Bucking a trend of continuous job gains since January, Canada lost 43,000 jobs in June as the unemployment rate hit another record low of 4.9%, according to data released by Statistics Canada on Friday.
Even with the loss in jobs, the June data is unlikely to sway the Bank of Canada from announcing another interest rate hike next week.
The decline, entirely because of older workers leaving the workforce, is evidence of a tightened labour market as demand remains robust amid dwindling supply.
Employers in most industries are still eager to hire, but are having trouble finding the workers. Even though the economy lost jobs, it’s a symptom of the worker shortage rather than of weak demand for labour.
While services-producing industries lost 75,000 jobs, the goods-producing industries gained 33,000 jobs.
Households are having to rein in their shopping to cope with high inflation, which might have led to the decline in retail jobs (down 58,000).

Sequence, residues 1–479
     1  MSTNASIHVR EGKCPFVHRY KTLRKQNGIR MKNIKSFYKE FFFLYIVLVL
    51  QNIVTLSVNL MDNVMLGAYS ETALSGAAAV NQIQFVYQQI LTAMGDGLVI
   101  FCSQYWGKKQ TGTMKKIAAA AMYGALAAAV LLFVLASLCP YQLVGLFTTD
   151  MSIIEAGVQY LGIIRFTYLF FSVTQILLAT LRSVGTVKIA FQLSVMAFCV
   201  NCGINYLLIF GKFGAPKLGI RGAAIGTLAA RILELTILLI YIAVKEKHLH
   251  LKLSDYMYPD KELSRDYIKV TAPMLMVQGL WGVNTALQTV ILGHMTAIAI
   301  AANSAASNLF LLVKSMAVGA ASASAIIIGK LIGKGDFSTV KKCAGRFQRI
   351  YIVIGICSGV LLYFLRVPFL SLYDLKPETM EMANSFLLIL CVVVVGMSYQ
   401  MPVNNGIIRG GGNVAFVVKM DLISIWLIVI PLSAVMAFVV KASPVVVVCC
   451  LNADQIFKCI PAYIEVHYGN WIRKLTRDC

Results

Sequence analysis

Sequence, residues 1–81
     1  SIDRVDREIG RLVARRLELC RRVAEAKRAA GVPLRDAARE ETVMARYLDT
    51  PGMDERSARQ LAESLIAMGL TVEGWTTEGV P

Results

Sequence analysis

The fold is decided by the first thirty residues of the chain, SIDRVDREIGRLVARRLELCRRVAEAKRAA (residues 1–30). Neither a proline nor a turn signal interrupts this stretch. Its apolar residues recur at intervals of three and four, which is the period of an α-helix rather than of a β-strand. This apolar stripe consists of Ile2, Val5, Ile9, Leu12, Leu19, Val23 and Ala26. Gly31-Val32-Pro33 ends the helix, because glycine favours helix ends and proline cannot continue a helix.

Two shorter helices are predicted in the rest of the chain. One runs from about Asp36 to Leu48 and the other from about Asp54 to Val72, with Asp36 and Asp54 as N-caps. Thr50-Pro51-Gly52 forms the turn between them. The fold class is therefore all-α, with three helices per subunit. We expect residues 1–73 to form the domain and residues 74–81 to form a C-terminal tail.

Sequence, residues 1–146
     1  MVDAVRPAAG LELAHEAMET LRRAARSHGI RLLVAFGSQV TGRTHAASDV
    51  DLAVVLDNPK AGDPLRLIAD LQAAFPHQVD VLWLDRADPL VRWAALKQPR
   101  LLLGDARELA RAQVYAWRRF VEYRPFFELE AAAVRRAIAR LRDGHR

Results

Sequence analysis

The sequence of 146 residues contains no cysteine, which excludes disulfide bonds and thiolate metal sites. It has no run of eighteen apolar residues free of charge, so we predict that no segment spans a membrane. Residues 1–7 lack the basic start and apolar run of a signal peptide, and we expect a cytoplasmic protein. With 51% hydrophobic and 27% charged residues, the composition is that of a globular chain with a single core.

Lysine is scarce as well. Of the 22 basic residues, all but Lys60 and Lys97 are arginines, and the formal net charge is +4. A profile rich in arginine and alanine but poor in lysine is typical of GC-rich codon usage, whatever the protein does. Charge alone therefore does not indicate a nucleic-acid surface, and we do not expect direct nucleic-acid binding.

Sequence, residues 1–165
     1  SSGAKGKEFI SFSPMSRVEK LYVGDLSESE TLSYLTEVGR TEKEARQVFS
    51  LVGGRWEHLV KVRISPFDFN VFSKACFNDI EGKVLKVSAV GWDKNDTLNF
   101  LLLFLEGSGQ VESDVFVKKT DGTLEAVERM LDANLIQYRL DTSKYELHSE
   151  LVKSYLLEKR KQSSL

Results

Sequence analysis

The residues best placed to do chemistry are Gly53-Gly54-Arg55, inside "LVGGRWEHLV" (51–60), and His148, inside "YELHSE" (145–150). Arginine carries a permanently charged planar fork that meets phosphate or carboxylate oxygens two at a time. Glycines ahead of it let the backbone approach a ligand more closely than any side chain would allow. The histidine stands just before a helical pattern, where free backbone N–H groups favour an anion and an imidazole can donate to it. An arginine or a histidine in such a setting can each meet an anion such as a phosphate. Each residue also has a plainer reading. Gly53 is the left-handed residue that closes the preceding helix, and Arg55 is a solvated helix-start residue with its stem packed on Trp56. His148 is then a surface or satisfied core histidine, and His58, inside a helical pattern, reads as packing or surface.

The construction industry added 23,000 jobs, a reversal of the previous two months’ decline. The outlook for construction remains uncertain as rising interest rates threaten to thwart activity.
But the decline in natural resources, which lost 20,000 jobs, shows just how vulnerable these positions are amid instability in the global energy and commodity markets.
Average hourly wages grew by 5.2% on an annual basis, still below the 7.7% headline increase in the consumer price index, but straying further from the central bank’s 2% inflation target.
This has two implications: first, a heated labour market in which workers are capitalizing on their power; and second, rising inflation expectations that are becoming more entrenched.
Even as high inflation fuels recession fears, June’s job report is a testament to the continuing strength of the economy. Even though some industries might be feeling the heat of a slowdown, the economy as a whole is not in a recession yet.
While demand for workers will remain strong, it might also vary greatly based on industry. And given the strength of the labour market, it is increasingly possible that the Bank of Canada will keep raising interest rates for the rest of the year.